George and Liz

Saint George is depicted as the dragon-slayer, plunging a long sword from the back of his white horse into the slithery head of an ugly beast, the devil. George was a soldier and may very well have ridden a white horse. Born of Christian parents at the time of Diocletian he was an exemplary soldier and rose to the level of Tribune. When Christians were being executed and tortured he gave it all up, openly rebuking his ruler and pleading for reason. For that he was tortured and beheaded. End of story? Far from it. There are paintings and statues and legends that are revered by Christian and other cultures. Sacrificial love. Courage? We would assume so, but I imagine that his strength came from God, and doing what was right despite the consequences.

Nineteen years ago on this day of remembrance of Saint George, my mother Liz gave up her armor and all worldly titles. Her life was evident of sacrificial love. She was a living saint, and is now a heavenly one. She loved Jesus, her faith, her traditions, her family, and humanity. She was a steadfast, loving and devoted wife and a warm, funny, supportive, completely loving mother. She was willing to mother anyone who needed her, or who simply crossed her path or doorway. She loved every person regardless of race, creed or lifestyle.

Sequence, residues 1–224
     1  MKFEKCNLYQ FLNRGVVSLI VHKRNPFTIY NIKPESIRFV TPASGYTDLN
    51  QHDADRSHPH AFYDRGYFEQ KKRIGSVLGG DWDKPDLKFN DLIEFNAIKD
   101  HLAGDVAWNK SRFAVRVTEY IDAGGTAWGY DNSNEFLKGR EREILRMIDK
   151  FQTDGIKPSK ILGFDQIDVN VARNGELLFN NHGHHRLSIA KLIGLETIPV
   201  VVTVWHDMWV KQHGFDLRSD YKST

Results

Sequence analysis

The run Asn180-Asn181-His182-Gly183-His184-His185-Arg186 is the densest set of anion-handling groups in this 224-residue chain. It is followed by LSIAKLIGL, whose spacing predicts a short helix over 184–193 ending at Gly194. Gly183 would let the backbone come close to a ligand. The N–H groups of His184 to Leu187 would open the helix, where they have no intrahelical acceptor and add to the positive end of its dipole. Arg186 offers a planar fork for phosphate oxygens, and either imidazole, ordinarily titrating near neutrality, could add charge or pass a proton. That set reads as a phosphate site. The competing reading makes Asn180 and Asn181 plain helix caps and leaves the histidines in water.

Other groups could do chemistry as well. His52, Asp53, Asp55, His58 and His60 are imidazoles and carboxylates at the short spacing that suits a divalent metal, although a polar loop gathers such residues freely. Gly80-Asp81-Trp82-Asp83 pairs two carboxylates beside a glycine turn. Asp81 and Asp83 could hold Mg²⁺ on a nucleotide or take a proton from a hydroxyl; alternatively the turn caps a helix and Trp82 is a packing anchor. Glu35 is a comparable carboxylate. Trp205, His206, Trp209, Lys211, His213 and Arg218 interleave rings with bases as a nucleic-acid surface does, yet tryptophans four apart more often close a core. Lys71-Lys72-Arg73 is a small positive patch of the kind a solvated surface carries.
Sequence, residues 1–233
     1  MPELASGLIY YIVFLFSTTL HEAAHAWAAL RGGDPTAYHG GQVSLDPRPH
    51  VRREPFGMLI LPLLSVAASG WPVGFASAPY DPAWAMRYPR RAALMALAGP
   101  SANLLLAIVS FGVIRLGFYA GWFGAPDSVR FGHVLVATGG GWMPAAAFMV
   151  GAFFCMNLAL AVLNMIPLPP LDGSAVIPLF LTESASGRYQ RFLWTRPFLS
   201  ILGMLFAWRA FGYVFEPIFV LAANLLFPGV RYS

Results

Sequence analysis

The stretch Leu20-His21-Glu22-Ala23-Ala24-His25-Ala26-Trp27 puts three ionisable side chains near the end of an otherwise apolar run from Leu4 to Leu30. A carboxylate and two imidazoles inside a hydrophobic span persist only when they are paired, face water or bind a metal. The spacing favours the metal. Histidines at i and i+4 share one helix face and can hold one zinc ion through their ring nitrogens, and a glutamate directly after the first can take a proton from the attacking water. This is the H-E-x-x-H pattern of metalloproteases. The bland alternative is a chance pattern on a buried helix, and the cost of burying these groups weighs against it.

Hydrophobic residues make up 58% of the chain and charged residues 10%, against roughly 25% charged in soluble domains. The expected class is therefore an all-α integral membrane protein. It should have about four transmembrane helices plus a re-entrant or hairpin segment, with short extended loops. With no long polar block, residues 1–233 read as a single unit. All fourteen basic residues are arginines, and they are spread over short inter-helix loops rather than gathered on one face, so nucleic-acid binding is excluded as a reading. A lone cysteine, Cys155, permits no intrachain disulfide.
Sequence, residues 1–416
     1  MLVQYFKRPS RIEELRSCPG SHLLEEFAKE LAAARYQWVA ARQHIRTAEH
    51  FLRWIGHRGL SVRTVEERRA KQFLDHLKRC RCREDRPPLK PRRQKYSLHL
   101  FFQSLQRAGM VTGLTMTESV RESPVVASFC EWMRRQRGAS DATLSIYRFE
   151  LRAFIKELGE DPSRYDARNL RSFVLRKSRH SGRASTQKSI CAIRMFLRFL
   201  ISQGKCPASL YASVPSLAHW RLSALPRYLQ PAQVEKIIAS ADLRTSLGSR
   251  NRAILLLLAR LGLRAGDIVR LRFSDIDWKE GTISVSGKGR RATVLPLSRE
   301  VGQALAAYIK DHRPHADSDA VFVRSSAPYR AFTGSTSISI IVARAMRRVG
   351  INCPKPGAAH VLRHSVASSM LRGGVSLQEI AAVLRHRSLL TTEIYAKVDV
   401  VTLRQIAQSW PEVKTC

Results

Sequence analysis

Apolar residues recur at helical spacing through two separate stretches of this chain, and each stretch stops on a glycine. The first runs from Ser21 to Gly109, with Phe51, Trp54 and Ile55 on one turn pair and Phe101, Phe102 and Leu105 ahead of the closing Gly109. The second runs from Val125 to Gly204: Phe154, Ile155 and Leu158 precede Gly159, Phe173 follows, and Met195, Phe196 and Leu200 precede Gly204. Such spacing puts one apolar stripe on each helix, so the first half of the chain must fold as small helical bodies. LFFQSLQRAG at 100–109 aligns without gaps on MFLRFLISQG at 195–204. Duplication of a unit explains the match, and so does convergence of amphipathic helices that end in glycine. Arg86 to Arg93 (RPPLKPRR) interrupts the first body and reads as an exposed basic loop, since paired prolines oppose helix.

I’ll miss her every day. I take great comfort in knowing that she still loves and cares for us, united with Christ in a mystical body that “witnesses” and intercedes for us all. Life is short. We do not know what is around the corner. To live humbly like Liz, sacrificially, prayerfully doing what she could in this finite life has eternal effects.


Yes, Mom of ten, plus. Ten of our own, host-Mom of foreign exchange students and au pairs, and other wonderful young men and women. The latter were the direct influence of our special needs daughter, Mary Pat, and they have blessed us in innumerable ways. Past prime is okay; so many life experiences cause one to reflect on things learned and cultivate an attitude of gratitude.